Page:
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00000177-b32b-d5f4-a5ff-bbfb6e660000Here is the information you need to know about COVID-19 in Northwest Florida. We will keep this post updated with the latest information from local, and statewide agencies. For inforamtion from Centers for Disease Control and prevention: cdc.gov/coronavirusFor updates on Florida cases of coronavirus, visit the FDOH dashboard.The COVID-19 call center is available at 24/7 at 1-866-779-6121

UWF Joins Fight Against COVID-19

Credit Haas Business Ctr.
3-D printer used to produce face shields for health care workers, at UWF's Haas Business Center.

As health care workers nationwide scramble to find protective gear to treat COVID-19 patients, a program at the University of West Florida is pitching in.

UWF’s Sea3D Lab in downtown Pensacola is using its 3D printers to produce face gear.

“Specifically, visors that go around the head; one of our manufacturing partners – Jupiter-Bach – is cutting the actual lens that fits onto the shield that we’re 3-D printing,” said Nicole Gislason at UWF’s Haas Business Center.

She adds that they’re benefitting from thousands of inventors across the world sharing their ideas on how to fight the pandemic. The end design of the shield to the printed comes from UWF team members, but it’s a larger team effort.

“These are innovators from multiple departments at UWF, including nursing; engineering, art and the library,” said Gislason. “Our key designers worked alongside professionals from regional hospitals, Escambia County Emergency Management, Jupiter Bach – even GE Renewable Energy and Alto Products Corporation.”

Production began this week and the first of the kits – which are free of charge – are due out next Tuesday afternoon at 4:00. Customers are asked first to go online to www.uwf.edu/sea3d.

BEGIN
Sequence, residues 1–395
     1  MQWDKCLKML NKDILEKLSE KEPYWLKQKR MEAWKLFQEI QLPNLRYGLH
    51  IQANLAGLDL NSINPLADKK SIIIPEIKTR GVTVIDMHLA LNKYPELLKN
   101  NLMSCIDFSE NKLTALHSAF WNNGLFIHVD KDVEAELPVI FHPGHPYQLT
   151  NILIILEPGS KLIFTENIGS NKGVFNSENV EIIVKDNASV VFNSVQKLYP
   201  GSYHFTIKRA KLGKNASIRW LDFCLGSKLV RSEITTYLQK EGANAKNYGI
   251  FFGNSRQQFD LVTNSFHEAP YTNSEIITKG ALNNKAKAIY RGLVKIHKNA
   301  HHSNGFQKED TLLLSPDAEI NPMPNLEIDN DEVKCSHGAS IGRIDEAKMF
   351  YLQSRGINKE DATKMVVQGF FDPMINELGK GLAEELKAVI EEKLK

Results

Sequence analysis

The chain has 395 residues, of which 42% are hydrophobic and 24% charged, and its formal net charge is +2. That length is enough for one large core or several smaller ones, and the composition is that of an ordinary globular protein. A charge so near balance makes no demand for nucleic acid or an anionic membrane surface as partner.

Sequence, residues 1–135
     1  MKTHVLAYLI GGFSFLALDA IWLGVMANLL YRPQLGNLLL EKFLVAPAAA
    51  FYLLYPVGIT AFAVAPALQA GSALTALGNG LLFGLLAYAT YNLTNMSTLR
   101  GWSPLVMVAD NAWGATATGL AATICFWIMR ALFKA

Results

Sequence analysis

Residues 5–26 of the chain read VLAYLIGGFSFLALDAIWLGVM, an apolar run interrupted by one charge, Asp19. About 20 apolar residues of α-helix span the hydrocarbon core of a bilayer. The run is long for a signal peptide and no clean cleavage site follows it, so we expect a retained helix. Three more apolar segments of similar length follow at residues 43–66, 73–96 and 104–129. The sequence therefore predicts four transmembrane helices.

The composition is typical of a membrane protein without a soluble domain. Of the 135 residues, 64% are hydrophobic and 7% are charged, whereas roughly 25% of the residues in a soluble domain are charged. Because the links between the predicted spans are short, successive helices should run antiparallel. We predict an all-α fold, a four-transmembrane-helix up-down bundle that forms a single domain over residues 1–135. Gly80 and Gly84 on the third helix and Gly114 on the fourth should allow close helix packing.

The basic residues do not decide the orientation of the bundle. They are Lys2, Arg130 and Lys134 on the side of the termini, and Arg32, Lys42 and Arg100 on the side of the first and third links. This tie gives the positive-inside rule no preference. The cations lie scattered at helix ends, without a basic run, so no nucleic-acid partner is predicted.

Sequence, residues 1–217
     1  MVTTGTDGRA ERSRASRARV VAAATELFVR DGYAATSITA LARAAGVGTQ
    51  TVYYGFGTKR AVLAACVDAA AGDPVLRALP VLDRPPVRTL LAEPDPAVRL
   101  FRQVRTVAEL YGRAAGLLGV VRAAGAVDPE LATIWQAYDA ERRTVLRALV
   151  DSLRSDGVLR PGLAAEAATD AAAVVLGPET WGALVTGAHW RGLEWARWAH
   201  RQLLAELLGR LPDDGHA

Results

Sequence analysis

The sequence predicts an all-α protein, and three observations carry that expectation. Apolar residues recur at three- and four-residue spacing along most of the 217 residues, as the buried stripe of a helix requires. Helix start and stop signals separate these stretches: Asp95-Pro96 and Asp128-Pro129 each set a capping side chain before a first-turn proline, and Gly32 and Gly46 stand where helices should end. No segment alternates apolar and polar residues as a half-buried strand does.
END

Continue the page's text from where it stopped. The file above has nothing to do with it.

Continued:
“You’re find a form there; fill that out and let us know how many kits you need and who you’re with so we can prioritize the distribution of these,” said Gislason. “We’ll hand them out, we’ll provide curbside service if the individuals are available right at 4:00.”

And just what is in “the kit?”

“When the visor is paired with a clear polyester lens, the 3-D printed visor provides the user with a physical barrier covering eyes, nose, and mouth,” Gislason said. “They’ll get a copy of the instructions; we want them to know how to sanitize the product as well as assemble it. We want them to be able to reuse these and sanitize these as often as they need to.”

The production team will print the visors on demand, for distribution over the next three months at the Sea3D lab.

“We have the capacity to produce about 3,000 units; right now we’re preparing to produce half that amount,” Gislason said. “But we will have the capacity to double that, if the need arises.”

“Part of our mission statement says we’re here to serve the professions and society; and I can’t think of any better way of service to society than to keep us safe,” said UWF President Martha Saunders, who calls the fight against COVID-19 a “critical mission.”

She was asked about the school’s part in that mission, and if this kind of work by the lab had even been anticipated.

“We’re certainly part of this community and anything we can do to contribute, is what we need to be doing,” Saunders said. “We certainly have found a place in helping to create parts for larger equipment and manufacturers, but we didn’t see this one coming. I’m just glad we were here.”

The printing of the facial protectors, says Saunders, is indicative of their ability to roll with the changes that a new situation presents.

“One of the things I think is a real hallmark of UWF is our agility,” said Saunders. “We’re certainly a spirited community of learners, but that spirit means that when challenges arise, we’re very, very quick to rise to them.”

And in case another disease outbreak or similar emergency occurs, the lab’s practice of “additive manufacturing,” says the Haas Center’s Nicole Gislason, is ideal for working on prototypes very quickly, and producing stuff very quickly.

“Because we have the capacity to design it and customize it on the fly,” Gislason said. “Additive manufacturing can be used to aid in a variety of crises; on the ground or at sea, additive manufacturing can really make a difference when you’re pressed for time.”

The lab’s work on the protective gear, says UWF President Martha Saunders, could lead to more work inside the health care industry. That would fit, she says, with the lab’s expansion already underway.

“Because the demand has been pretty high; and so I think that once the industry sees what we can do, there may be some real opportunities there,” said Saunders. “We have good equipment and if people inquire of what we can do, we’re more than willing to give it a try.”

For more information on COVID-19, visit www.uwf.edu/coronavirus; for the Sea3D Lab, go to www.uwf.edu/sea3d.